The place was pretty rowdy back in 2004. We named it Loud Vietnamese due to the ear-splitting techno music that thumped in the joint. The first time I was there, I saw a very drunk teenager in her school uniform carried down the steps by her friends. All I could think at the time was this place ought to be interesting.
The patronage at that time was a bit sketchy, you had to yell to keep up conversation and stupidly cheap beers with ice were the norm. The menu wasn’t as diverse as it is now but they had a great chao tom (grilled ground shrimp wrapped around a stick of sugarcane) for 3,000 Riel which made for a handy snack after a night of boozing.
Around 2007, the place was remodeled and looks pretty much like it does now. They got rid of the loud techno which drove the kids away but made conversation a bit easier. They also revamped the menu and now offer some very tasty dishes.
Enough history. Lets live in the now and get to the food!
First to come up was the Thit Neung Heo (Grilled Pork Ribs $3.50). Having a nice char from the grill, the ribs were exquisitely balanced between sweet and salty and made for a great start to the meal.
Ten minutes after we received our first dish, we started getting the orders on top of each other. The Banh Xeo (vietnamese pancake $2.00), Muc Chien Ngon (fried crispy squid $4.50) and Goi Bo Tai Chanh (rare beef lime salad $5.00) came next. The Banh Xeo was chock full of ground pork, shrimp, julienned carrots and sliced onions.
Goi Bo Tai Chanh is always favorite with me. This version is filled with rau ram (vietnamese coriander), basil, mint, sliced onions and tossed in a sweet lime sauce. A bonus was the addition of fried shallots and peanuts for garnish. The Muc Chien Ngon was nice but I felt that the breading that they used was to too heavy and overpowered the delicate taste of the squid.
During this time, the Bo Nhung Dam (thin sliced beef boiled in vinegar $6.50) was delivered to the table but placed on the side. The very attentive staff waited until we finished a couple of plates before setting it up which was very thoughtful of them. A Vietnamese take on Shabu Shabu, the raw beef is placed in the vinegar broth and the accompanying sides are used to garnish. Here, the sides were some dry banh trang (rice paper sheets), a bowl with some water to dip the banh trang in, a few cups of nuoc cham (dipping sauce), rice noodles, various herbs and lettuce.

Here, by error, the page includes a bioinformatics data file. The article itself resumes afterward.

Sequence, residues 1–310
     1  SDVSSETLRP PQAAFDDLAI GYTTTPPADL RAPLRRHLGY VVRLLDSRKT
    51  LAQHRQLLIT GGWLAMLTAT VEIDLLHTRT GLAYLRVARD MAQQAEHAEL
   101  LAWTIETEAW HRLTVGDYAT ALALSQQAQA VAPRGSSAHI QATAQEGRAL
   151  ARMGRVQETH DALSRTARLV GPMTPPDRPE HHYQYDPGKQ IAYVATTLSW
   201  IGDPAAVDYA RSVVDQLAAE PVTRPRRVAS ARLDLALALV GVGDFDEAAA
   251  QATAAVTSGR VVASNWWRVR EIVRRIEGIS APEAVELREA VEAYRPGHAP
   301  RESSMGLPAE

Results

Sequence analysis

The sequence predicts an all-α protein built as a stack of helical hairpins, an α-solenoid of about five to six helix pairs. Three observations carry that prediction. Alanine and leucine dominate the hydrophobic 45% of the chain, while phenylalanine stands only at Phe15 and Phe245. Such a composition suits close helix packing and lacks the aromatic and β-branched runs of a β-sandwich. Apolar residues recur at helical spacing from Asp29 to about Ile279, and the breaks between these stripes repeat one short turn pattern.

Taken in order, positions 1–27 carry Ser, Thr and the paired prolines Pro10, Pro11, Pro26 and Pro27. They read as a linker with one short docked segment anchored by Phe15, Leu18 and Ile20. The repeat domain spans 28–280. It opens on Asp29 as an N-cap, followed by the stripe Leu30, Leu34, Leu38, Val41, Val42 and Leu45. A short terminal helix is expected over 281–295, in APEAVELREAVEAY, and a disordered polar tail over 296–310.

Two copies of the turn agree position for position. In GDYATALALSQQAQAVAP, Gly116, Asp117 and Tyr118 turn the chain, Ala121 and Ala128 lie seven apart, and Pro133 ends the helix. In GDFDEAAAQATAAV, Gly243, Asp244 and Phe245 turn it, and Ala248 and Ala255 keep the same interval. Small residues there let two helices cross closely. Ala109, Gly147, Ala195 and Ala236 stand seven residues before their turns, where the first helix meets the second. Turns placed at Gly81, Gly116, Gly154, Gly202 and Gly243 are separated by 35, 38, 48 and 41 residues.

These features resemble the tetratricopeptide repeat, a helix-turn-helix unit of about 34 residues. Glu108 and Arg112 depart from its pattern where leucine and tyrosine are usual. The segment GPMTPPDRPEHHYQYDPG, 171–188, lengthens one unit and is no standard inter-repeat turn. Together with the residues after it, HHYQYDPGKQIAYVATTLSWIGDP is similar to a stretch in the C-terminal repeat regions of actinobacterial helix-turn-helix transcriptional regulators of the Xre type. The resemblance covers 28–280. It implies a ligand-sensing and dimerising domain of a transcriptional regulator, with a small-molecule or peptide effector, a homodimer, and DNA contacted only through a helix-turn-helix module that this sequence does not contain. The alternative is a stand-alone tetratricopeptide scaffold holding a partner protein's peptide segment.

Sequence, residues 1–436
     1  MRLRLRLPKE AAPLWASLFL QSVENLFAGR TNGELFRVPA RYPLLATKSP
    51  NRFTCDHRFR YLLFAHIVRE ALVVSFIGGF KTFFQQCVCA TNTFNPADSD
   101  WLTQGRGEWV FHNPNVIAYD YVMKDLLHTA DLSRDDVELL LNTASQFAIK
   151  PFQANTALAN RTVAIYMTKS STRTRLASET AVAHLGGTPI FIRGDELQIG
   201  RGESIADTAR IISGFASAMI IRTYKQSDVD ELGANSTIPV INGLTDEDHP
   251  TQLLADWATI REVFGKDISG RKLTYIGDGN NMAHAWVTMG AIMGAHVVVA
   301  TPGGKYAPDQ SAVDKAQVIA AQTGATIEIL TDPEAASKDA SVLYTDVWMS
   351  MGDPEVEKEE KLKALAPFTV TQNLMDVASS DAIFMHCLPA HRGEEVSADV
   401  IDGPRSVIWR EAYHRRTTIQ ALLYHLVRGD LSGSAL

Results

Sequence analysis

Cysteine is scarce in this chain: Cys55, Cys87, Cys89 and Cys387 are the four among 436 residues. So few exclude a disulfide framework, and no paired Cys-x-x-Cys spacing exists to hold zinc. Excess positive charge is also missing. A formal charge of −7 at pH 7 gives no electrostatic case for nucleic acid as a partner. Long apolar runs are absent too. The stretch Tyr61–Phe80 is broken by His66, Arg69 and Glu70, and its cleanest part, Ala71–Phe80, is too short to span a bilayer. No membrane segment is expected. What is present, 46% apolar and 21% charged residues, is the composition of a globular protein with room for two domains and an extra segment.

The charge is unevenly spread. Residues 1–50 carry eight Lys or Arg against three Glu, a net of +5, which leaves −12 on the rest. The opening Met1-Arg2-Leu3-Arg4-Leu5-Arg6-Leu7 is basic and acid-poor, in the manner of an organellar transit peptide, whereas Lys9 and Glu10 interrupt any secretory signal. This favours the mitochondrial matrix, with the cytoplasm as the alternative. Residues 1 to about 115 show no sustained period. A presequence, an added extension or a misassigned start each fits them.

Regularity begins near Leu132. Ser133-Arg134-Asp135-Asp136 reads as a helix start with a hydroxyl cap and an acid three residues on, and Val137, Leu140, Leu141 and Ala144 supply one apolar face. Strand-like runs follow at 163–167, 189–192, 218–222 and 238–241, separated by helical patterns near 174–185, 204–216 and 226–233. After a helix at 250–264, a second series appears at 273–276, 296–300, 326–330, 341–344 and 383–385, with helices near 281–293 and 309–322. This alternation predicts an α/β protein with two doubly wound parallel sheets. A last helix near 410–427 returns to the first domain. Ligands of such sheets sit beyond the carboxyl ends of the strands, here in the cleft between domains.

The last dish we received was the Mi Xao Chay (fried vegetarian noodles $3.00). I was shocked to see ramen noodles were used instead of the usual noodles I’m used to. To my surprise, the noodles weren’t too bad! It didn’t hurt that the vegetables were fresh and nicely seasoned.
All in all, a great trip down memory lane.
Oh yeah, almost forgot. Anchor cans are $ 0.80. — Vinh
I am by no means an expert on Vietnamese food, but I am an enthusiast. As such, I was delighted to try this place as my initiation into the Nyam Penh scene. Executive summary is that this is the best Vietnamese food I’ve had so far in Phnom Penh, or at least tied with the restaurant downstairs (which may or may not be owned by the same people). Beef in vinegar is my go-to dish in Vietnamese restaurants and this one did not disappoint. Because it was my first time meeting the gang I decided not to drink the broth, but I easily could have. The combination of vinegar and lemongrass is fantastic, and I appreciated that they went heavy on the lemongrass–it wasn’t too much for me. I also thought the rare beef salad was excellent, and I ate more than my fair share of it.
I was least excited by the noodle dish that was a packet of ramen noodles and some vegetables. I’m no elitist about packaged ramen–in fact, I’m a die-hard fan. But I’m rarely thrilled to get it served up to me in a restaurant and this time was no different. Overall, I was very pleased with this restaurant. For some reason I had thought that the upstairs was a pho-only place and had always eaten in the much less pleasant restaurant downstairs. But with open-air seating bedecked in plastic foliage and $0.80 beers, this place is a winner for me. — Lina
As soon as we walked into this place, I liked it. It reminded me of places I had been while visiting Hanoi. Ngon was absolutely beautiful but I never ate anywhere like that in Vietnam. Loud colors, plastic plants and flashing lights felt much more authentic.
The ribs that came out first were amazing. Maybe it was because we had had a few beers before dinner but, wow, I would have been happy eating just ribs that night. There is a huge ‘Banh Xeo’ sign painted on the outside of the restaurant so I wanted to try it thinking it might be their specialty. It wasn’t the most amazing tasting banh xeo I’ve had but it was probably the biggest. All five of us at the table were able to have a decent portion.
The Muc Chien Ngon, aka, Vietnamese calamari, was good but you can pretty much deep fry anything and it will be pretty good. But the highlight for me was definitely the Bo Nhung Dam. They let the pot filled with the vinegar broth and onions simmer on our table for a while before they moved it over to the middle of the table. Any sort of hot pot dinner is always the best group meal but would have been slightly nicer if we were at a round table (John had to reach pretty far to get to the pot). Again, Vietmart was generous with the portions and we all had plenty and with beers for less than a buck, this place is definitely solid.
4.5 nyamies out of 5. Vinh
4 out of 5 nyamies Lina (check out Lina’s blog here)
4.0 out of 5 nyamies Bryse
On the corner of Monivong and street 242 across the street from the 24 hour BB World.